Kuwait aims to award revegetation deal in late 2023

18 May 2023

State-owned upstream operator Kuwait Oil Company (KOC) is aiming to award contracts for planned revegetation works as part of the multibillion-dollar Kuwait Environmental Remediation Programme (Kerp) in late 2023 or early 2024, according to Muthanna al-Mumin, a team leader for remediation projects at the company.

In an interview with MEED, he said: “The company is working diligently in collaboration with the various committees to roll out the revegetation tender and we target the award of the revegetation works in late 2023 or early 2024 at the latest.

“The upcoming election will have no bearing on our drive to achieve our targets and we have full support from Kuwait’s leadership in moving forward with our programme.

“The award of the revegetation contracts will be a statement to the international community of Kuwait’s and Kuwait Oil Company’s commitment to the environment.”

Earlier this year, KOC extended the bid deadlines for the recently tendered revegetation contracts, increasing expectations that the scheme would be significantly delayed.

Bids for the contracts are currently due to be submitted by 18 June 2023. Previously, the deadline for the bids was 16 April.

The project is expected to be divided into four separate packages with a combined value of about $675m.

The four revegetation contracts being tendered by KOC are expected to be awarded to four separate contractors and include a wide range of work activities, according to internal documents that were obtained by MEED in March.

These have been divided into enabling works and revegetation works.

The required enabling works include:

  • Health, safety and environmental studies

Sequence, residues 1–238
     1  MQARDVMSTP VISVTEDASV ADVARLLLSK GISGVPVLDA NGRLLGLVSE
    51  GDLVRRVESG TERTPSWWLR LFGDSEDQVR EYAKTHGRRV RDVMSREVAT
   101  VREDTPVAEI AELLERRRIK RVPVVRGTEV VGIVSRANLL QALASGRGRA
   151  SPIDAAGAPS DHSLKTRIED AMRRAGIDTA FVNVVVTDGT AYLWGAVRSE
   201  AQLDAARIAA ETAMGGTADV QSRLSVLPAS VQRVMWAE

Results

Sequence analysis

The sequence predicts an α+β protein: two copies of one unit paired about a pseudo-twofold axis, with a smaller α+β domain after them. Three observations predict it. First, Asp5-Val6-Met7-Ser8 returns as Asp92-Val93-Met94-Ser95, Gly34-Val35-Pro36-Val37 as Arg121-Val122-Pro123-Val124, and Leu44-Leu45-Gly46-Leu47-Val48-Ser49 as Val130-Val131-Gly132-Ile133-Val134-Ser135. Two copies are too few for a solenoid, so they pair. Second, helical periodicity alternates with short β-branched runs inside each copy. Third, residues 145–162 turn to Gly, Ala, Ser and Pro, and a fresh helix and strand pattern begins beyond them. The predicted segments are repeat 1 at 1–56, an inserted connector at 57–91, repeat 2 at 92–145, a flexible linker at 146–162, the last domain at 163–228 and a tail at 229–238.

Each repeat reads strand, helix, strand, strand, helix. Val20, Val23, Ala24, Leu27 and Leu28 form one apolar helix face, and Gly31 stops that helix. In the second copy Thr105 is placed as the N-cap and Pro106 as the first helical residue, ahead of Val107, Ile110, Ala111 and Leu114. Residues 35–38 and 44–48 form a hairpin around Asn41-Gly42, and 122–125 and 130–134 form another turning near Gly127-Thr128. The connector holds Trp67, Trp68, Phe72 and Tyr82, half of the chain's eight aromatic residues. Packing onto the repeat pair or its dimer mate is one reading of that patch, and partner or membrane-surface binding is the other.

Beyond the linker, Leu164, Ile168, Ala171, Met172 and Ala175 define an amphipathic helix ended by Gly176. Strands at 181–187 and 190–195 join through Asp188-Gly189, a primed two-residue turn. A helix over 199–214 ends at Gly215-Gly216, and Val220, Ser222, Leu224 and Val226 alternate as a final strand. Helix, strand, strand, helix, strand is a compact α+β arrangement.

• Topographical surveys
  • Constructing roads
  • Installing temporary site offices
  • Assessing risks posed by unexploded ordnance
  • Carrying out geophysical surveys for unexploded ordnance and unexploded ordnance clearance
  • Installing fencing
  • Groundwater monitoring well installation
  • Designing, constructing, operating and maintaining an on-site seeding nursery
  • Designing and constructing permanent offices
  • Designing, constructing and commissioning a water pipeline and associated tankage
  • Designing, constructing and commissioning a permanent water treatment system and accessories
  • Water well infrastructure and connection

The required revegetation works include:

  • Plant procurement and delivery
  • Planting procedures and layout
  • Irrigation
  • Aftercare and maintenance

The winners of the contracts will use the soil that is currently being processed to remove oil pollution in ongoing remediation projects. This soil will be distributed in multiple areas and seeded with native plants.

A total of 10 different species of grass and shrub have been approved for the project, as well as two different tree species.

After the contract award, there will be an “establishment period” of 180 days before the contract formally commences.

This will be followed by a “performance period” of 2,000 days.

According to the original project schedule, plant installation will be complete by the end of March 2027, and the whole project is scheduled to be finished by the end of July 2029. 

Due to the delays to the tendering schedule, the targets for project completion may now be pushed back.

Each contractor will be required to plant several million plants as part of their contract, over a period of three years.

The contractors will only be permitted to plant seasonally, from 1 September to 31 March.

The project is the last to be tendered as part of Kerp.

Kerp is the largest environmental remediation project in the world and was established by the UN Compensation Commission to allow Kuwait to address the ecological damage resulting from the 1990-91 Gulf War.

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Wil Crisp
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